Why this recent FDA report is so disturbing: we live in the year 2013 with targeted therapies for cancer, stem cell advances, remote robotic (and minimally invasive) surgery, and other major medical advances. And just now, we’re just discovering that women need different drug dosage recommendations than men??!

And sleeping medication is just one example of a drug that affects women’s bodies differently than men’s. (The FDA’s new recommendation came after lab studies and driving tests confirmed that an estimated 10 percent to 15 percent of women have a level of zolpidem [the active ingredient in many sleeping pills] in their blood that could impair driving eight hours after taking the pill, while only about 3 percent of men do.)

Alcohol also affects women’s bodies differently than men’s (

This should come as a surprise to no one: Women are not just little men when it comes to our health. Back in 2001 (that’s twelve years ago!), the non-profit Institute of Medicine issued a report stating “Sex — that is, being male or female — is an important basic human variable that should be considered when designing and analyzing the results of studies in all areas and at all levels of biomedical and health-related research. The cells of males and females have many basic biochemical differences, and many of these stem from genetic rather than hormonal differences.” (For the full report, click here:

The Office of Research on Women’s Health (ORWH) is trying to change the focus. Part of the National Institutes of Health (NIH), the nation’s research agency, ORWH works with NIH Institutes and Centers to fund women and sex and gender differences research—to help us women (and men)—all live better and longer lives. The more research that’s done (ahem…if research had been done on sleeping pills before prescribing them to women, we would have known that women react to them differently than men—underscoring the importance of research!). Be in the know; follow ORWH on Twitter (they just signed up: @NIH_ORWH) for regular updates on research that applies to women’s health.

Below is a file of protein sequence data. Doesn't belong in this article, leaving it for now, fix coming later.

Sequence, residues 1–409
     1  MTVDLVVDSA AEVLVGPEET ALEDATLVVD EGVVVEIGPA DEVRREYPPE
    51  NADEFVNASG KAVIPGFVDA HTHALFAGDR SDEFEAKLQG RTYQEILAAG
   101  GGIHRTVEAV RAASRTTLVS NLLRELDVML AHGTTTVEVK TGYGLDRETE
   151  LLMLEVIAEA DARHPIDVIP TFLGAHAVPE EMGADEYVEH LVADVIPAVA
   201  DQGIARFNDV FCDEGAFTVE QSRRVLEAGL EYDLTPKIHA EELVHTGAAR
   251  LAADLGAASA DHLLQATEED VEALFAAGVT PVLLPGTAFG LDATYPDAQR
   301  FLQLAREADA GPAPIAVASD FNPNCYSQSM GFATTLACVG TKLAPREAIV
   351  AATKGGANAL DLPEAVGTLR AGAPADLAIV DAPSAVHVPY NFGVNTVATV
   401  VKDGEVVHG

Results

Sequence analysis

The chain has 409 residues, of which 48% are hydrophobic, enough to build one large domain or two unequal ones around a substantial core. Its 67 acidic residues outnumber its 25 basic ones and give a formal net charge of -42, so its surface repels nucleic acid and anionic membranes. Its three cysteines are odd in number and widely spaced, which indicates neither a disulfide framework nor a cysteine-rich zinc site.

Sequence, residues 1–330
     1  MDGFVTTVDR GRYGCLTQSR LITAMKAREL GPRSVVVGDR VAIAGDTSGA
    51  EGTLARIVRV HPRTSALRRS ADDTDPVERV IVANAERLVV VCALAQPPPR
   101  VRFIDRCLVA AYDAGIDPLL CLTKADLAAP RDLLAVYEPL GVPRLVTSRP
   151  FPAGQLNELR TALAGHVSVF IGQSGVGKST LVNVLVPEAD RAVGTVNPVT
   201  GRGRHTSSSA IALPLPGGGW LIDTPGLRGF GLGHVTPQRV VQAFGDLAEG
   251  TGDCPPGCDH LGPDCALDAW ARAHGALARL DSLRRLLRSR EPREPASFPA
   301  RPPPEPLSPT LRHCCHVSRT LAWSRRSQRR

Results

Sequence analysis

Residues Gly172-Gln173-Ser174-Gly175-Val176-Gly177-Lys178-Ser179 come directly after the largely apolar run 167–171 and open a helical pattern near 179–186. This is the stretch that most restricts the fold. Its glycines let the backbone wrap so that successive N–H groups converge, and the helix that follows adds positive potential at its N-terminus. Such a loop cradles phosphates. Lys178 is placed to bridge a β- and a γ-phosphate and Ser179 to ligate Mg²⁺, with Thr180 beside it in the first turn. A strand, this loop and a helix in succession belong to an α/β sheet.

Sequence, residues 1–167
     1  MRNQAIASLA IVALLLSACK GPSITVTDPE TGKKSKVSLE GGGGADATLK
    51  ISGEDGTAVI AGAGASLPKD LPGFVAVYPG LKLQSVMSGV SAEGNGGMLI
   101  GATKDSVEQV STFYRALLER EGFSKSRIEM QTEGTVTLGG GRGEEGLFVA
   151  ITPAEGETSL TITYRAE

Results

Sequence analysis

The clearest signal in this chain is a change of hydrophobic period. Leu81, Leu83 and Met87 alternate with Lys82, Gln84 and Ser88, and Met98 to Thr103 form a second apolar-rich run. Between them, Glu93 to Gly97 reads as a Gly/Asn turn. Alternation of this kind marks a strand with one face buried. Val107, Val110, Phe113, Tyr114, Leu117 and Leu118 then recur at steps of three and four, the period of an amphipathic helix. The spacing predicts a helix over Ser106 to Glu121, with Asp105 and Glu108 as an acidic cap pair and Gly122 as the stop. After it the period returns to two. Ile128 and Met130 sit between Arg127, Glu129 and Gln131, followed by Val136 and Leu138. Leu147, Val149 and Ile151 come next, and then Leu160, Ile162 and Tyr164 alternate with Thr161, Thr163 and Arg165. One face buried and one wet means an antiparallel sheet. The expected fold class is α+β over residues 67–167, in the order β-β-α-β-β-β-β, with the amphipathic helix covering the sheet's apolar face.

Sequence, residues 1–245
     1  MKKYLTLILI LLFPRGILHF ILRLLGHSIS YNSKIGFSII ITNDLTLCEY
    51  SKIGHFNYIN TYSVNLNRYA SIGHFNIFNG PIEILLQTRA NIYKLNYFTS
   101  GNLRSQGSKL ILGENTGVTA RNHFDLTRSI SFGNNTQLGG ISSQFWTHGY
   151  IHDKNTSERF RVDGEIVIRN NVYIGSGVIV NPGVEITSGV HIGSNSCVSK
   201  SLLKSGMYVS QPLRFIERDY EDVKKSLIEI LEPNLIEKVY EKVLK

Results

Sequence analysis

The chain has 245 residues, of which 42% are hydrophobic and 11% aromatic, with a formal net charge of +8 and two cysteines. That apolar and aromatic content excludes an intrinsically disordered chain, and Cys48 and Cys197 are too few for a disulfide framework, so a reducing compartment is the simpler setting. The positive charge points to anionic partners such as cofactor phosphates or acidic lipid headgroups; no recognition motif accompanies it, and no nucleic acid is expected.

Get More Sleep…Starting Tonight!

Written by: on Thursday, January 3rd, 2013
Woman sleeping on white chair with book

You need at least eight hours of uninterrupted shut-eye a night. Sleeping on the chair before bedtime doesn't count!

It was Saturday morning. My toddler son was finally down for a late-morning nap —after fussing, fussing for the better part of an hour­. My eyes had been glazing over as I was trying to soothe him and get him to sleep (he had been up at least three times last night—leaving me with little restful sleep).

My older kids were at a birthday party and a play-date. Finally, I could get into my bed and get caught up on some sleep. After all, every advice column and book says: “Sleep when baby sleeps” as a seemingly simple answer to the sleep deprivation that all moms experience at one time or another.

If only it were that easy.

I snuggled down under my comforter, grabbed by favorite squishy pillow, put on my eye mask, and shut my eyes. Then I tossed and turned for at least half an hour, trying to get comfortable and then praying for sleep to come. “Please God, just let me sleep for half an hour.” But sleep didn’t come. (It’s not easy to sleep when you’re waiting for the inevitable cry to come through a monitor positioned near your bed). And then…guess what? Yep, you’re right: my baby was up again.

But sleep is critical, not just for proper brain functioning (I’ve already lost a credit card, my baby’s birth certificate, and numerous other important things—not to mention forgotten some key appointments…all since he was born) but also for losing weight and staying healthy. So I’ve put together some strategies for getting some much-needed shut-eye: